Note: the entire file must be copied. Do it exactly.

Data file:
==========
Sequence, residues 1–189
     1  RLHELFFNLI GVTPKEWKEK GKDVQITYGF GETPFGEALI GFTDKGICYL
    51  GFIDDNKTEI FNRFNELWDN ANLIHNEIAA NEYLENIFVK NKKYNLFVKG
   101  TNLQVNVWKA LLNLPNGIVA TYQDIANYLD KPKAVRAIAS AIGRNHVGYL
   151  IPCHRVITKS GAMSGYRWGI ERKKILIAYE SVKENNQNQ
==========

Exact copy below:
Sequence, residues 1–189
     1  RLHELFFNLI GVTPKEWKEK GKDVQITYGF GETPFGEALI GFTDKGICYL
    51  GFIDDNKTEI FNRFNELWDN ANLIHNEIAA NEYLENIFVK NKKYNLFVKG
   101  TNLQVNVWKA LLNLPNGIVA TYQDIANYLD KPKAVRAIAS AIGRNHVGYL
   151  IPCHRVITKS GAMSGYRWGI ERKKILIAYE SVKENNQNQ